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Fentanyl crimes and preferred pronouns: These 9 Idaho laws take effect on July 1

The Idaho Capitol building shown in Boise.  (Tribune News Service)
By Shaun Goodwin and Ian Max Stevenson Idaho Statesman

Idaho residents should be prepared for some new laws taking effect Monday.

A proposed bill must pass through the Idaho House and Senate before being signed into law by Gov. Brad Little, but unless it contains an emergency clause or specific date of enactment, it comes into effect at the beginning of July. State legislators this year approved a slew of new laws to be implemented Monday, several of them controversial – from expanding access to contraception through insurance, to protecting teachers who won’t use a transgender child’s pronouns without parental consent.

Here are some of the most significant bills affecting Idahoans starting next week.

Contraception requirement

In a world without federal protections for abortion, after the U.S. Supreme Court reversed Roe v. Wade in 2022, contraception advocates have said it’s now all the more important to protect Idahoans’ right to birth control. The Idaho Legislature this year passed Senate Bill 1234, which required insurance companies to provide up to a six-month supply of prescribed contraceptives to enrollees.

Senate Minority Leader Melissa Wintrow, D-Boise, who sponsored the bill, said the measure would make it easier for women who only have a one- or three-month supply of contraceptives under their current insurance plans.

Three Republicans opposed the bill: Sen. Brian Lenney, R-Nampa; Sen. Todd Lakey, R-Nampa; and Sen. Dan Foreman, R-Viola.

“Is it convenient to get a six-month supply? I bet it is,” Foreman told the Idaho Capital Sun. “But it’s not the proper role of government to intercede and jump between a business and a customer and say, ‘Here’s how things are going to go.’ ”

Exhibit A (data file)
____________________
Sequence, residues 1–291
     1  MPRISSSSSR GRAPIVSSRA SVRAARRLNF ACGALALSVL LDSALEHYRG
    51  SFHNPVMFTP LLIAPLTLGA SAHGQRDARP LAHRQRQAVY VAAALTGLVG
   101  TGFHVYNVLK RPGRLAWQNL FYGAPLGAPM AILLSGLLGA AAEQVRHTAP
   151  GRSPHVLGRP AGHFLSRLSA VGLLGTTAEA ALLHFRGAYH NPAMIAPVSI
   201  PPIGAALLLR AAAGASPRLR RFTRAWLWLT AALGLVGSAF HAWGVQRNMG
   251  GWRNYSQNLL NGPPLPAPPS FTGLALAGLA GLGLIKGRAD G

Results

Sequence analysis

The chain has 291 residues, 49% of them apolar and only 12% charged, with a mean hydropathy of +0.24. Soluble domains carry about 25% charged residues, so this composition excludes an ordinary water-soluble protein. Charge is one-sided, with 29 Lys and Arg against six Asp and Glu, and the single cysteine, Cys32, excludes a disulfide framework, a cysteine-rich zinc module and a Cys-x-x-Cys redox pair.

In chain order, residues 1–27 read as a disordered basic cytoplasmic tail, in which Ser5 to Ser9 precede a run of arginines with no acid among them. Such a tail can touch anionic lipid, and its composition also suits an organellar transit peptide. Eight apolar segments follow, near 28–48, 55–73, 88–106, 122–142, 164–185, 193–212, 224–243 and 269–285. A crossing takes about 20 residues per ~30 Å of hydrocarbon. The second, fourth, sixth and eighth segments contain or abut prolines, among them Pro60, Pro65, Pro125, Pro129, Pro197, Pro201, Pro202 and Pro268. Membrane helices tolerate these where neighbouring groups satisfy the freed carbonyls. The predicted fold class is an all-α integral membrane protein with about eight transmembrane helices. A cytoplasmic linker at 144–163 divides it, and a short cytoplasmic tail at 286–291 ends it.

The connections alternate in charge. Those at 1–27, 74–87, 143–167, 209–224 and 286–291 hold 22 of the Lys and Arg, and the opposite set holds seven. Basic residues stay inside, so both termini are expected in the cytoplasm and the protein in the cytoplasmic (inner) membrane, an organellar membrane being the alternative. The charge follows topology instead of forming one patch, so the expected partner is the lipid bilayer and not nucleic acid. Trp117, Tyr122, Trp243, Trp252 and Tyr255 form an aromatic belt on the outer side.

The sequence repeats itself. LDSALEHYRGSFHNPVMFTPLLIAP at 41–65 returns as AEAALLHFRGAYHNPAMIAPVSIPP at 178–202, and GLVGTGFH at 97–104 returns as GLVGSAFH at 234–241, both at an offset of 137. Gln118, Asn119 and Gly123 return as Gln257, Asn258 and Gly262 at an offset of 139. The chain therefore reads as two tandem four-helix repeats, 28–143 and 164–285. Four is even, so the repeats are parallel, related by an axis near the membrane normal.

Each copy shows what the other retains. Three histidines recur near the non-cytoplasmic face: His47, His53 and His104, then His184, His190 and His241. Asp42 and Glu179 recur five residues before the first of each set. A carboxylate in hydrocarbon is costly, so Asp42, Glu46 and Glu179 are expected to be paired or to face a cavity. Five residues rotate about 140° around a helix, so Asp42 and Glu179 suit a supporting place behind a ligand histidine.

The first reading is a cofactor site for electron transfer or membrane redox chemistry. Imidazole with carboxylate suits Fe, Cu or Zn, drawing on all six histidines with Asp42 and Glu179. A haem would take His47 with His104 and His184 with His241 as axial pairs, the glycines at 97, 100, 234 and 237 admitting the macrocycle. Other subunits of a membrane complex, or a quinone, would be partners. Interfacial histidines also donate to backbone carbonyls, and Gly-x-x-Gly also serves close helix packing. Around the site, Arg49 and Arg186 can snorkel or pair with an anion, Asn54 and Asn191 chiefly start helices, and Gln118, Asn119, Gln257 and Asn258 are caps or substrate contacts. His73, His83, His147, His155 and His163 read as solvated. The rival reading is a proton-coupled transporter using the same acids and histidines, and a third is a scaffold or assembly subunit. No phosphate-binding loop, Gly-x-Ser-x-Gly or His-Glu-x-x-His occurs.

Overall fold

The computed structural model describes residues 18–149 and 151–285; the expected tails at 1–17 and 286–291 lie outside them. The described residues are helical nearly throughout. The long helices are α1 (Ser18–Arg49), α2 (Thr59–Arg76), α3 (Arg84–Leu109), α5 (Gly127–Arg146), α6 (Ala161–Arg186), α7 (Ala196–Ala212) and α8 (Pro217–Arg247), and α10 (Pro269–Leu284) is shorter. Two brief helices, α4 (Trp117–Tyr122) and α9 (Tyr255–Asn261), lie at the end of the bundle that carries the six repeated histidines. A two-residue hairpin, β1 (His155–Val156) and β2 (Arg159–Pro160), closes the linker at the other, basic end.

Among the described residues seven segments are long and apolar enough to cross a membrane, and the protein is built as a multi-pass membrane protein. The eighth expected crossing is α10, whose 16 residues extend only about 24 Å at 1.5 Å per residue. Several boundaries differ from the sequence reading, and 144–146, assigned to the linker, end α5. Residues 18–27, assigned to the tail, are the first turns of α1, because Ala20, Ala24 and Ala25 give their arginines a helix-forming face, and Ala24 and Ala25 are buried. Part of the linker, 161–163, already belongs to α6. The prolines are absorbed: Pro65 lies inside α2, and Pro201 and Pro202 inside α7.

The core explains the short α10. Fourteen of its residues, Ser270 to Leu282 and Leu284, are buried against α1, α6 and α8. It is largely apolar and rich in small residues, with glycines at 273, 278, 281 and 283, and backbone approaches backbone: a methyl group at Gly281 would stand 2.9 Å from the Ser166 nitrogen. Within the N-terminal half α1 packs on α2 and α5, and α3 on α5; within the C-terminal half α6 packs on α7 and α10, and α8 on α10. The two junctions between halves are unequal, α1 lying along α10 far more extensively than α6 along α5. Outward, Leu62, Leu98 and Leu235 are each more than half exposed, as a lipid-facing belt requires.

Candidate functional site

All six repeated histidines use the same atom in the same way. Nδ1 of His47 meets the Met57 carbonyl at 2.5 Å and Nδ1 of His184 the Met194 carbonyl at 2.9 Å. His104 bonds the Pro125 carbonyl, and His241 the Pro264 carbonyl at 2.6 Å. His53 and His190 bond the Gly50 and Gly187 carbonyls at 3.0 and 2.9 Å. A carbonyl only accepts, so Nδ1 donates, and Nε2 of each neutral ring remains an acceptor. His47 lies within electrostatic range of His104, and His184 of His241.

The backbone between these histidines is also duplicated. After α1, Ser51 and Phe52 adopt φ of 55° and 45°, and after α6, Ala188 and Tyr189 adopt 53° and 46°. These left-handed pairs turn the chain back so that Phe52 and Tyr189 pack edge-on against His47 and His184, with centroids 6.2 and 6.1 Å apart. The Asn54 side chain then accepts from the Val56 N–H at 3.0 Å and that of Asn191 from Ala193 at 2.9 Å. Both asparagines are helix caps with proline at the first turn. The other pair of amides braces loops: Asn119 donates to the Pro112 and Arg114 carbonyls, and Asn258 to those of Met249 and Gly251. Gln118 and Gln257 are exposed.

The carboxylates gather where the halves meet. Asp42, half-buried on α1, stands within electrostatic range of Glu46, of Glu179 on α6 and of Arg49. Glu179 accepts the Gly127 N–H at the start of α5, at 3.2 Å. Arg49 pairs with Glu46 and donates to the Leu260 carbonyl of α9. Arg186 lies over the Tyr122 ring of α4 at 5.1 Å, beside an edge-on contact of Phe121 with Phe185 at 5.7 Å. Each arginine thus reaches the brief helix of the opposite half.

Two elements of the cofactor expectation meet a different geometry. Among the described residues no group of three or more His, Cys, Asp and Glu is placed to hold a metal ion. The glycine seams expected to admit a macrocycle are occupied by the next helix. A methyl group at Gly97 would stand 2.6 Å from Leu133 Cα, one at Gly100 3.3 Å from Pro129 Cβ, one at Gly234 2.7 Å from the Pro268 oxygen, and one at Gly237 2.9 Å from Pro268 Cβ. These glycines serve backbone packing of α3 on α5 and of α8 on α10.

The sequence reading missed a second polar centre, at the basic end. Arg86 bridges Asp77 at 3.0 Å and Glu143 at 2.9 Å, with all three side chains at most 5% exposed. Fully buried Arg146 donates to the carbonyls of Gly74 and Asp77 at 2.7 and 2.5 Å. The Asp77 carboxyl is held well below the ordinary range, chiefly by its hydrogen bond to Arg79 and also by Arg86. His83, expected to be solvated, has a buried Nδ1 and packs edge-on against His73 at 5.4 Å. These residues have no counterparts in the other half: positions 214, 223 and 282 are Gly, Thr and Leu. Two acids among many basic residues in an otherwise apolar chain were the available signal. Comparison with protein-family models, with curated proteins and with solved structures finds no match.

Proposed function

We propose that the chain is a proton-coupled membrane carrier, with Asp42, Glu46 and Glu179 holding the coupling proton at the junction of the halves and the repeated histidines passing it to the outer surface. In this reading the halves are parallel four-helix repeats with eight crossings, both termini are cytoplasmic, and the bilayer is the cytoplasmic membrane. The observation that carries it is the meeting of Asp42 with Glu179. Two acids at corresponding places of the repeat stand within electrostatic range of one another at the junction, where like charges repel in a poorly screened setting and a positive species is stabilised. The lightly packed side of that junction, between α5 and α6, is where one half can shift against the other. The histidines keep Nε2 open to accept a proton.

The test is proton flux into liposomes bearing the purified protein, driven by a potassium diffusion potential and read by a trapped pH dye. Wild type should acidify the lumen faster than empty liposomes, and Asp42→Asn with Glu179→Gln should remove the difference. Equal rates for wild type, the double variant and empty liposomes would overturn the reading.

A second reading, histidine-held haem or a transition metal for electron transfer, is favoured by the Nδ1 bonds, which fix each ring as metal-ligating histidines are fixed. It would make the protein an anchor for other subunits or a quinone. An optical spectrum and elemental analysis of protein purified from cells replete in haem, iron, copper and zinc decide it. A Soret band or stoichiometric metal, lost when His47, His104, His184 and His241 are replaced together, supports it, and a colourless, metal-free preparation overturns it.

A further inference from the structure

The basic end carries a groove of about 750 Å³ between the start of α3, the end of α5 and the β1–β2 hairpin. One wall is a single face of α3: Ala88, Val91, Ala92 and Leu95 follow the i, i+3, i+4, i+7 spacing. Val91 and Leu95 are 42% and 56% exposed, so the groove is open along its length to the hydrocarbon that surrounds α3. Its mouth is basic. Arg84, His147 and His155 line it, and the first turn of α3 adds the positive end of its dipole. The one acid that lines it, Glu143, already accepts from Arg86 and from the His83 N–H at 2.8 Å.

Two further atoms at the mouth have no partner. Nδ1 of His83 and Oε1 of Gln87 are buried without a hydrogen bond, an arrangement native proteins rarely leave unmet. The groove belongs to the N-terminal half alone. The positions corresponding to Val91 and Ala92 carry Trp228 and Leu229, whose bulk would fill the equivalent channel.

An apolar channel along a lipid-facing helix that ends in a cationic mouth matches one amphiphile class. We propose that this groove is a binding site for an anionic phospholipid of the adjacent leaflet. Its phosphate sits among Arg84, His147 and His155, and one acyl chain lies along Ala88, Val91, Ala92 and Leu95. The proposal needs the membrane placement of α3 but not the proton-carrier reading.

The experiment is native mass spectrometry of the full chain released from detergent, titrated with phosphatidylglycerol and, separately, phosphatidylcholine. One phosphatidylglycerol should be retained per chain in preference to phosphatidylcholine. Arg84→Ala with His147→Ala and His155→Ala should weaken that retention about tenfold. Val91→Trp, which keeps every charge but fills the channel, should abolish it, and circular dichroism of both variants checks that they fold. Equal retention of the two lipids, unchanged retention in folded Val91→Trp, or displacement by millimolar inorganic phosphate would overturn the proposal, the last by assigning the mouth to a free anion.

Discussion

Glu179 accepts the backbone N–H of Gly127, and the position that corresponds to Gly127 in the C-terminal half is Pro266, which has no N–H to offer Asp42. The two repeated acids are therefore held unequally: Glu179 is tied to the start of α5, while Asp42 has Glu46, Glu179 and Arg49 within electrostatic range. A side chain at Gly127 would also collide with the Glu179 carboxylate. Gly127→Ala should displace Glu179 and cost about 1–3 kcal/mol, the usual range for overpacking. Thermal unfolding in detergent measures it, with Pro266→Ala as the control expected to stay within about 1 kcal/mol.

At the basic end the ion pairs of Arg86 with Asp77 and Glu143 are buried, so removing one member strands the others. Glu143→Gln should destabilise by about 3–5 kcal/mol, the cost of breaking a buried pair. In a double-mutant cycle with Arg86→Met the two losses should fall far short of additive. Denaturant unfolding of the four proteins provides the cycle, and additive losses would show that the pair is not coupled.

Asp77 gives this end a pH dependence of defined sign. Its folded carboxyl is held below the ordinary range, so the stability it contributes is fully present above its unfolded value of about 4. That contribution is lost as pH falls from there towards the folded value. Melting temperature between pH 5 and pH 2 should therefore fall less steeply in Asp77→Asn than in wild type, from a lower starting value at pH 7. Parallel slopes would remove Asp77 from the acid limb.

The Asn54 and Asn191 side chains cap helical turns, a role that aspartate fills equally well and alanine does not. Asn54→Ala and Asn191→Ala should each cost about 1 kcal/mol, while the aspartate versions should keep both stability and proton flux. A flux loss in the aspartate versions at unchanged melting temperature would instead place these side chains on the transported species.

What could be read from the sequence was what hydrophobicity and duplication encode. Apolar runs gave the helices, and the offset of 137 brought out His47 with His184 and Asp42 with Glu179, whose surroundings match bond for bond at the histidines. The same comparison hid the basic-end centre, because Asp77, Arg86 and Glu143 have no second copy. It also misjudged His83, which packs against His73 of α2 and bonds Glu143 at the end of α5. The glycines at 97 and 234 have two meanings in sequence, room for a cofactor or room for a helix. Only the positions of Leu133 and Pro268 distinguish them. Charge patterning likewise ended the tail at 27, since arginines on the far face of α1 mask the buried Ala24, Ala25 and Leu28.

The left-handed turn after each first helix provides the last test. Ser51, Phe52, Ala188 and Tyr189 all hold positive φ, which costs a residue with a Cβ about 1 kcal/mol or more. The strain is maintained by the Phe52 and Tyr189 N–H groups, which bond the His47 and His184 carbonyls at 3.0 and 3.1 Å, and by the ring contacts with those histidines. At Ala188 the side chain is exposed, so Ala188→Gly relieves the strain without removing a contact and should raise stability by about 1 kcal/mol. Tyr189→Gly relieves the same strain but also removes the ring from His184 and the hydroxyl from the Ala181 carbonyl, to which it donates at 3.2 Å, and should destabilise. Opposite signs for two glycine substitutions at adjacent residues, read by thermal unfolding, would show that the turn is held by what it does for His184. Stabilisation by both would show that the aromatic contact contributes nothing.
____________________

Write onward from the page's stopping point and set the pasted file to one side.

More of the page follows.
Fentanyl strips

Testing a drug for fentanyl, using fentanyl strips, will no longer be considered a felony starting Monday, thanks to House Bill 441.

The bipartisan bill, sponsored by House Minority Leader Ilana Rubel, D-Boise, and Rep. Marco Erickson, R-Idaho Falls, was heavily supported by local high school and college students. Martha Smith, a member of student government at the University of Idaho, told the Idaho Statesman in March that she thinks the legislation could help reduce harm for people struggling with substance abuse.

At least 270 died of opioid-related causes in 2022, the latest data available, according to the Idaho Department of Health and Welfare.

“This is a cheap and easy way for people to make sure they’re not being poisoned by fentanyl,” Rubel said on the House floor in February.

Fentanyl mandatory minimal sentences

Mandatory minimum prison sentences will also take effect for individuals found in possession of fentanyl, with sentences increasing to three years in prison for being caught possessing 4 grams – or 100 pills – of fentanyl, with larger sentences for higher amounts.

The bill, House Bill 406, also added a drug-induced homicide crime to Idaho law, making it a felony punishable by up to life in prison and a fine up to $25,000.

Nearly every Republican in the Idaho legislature voted in favor of the bill. Sen. Todd Lakey, R-Nampa, said the bill makes a strong statement to drug dealers and distributors. Only one Republican lawmaker, Sen. Phil Hart, R-Kellogg, voted against the bill.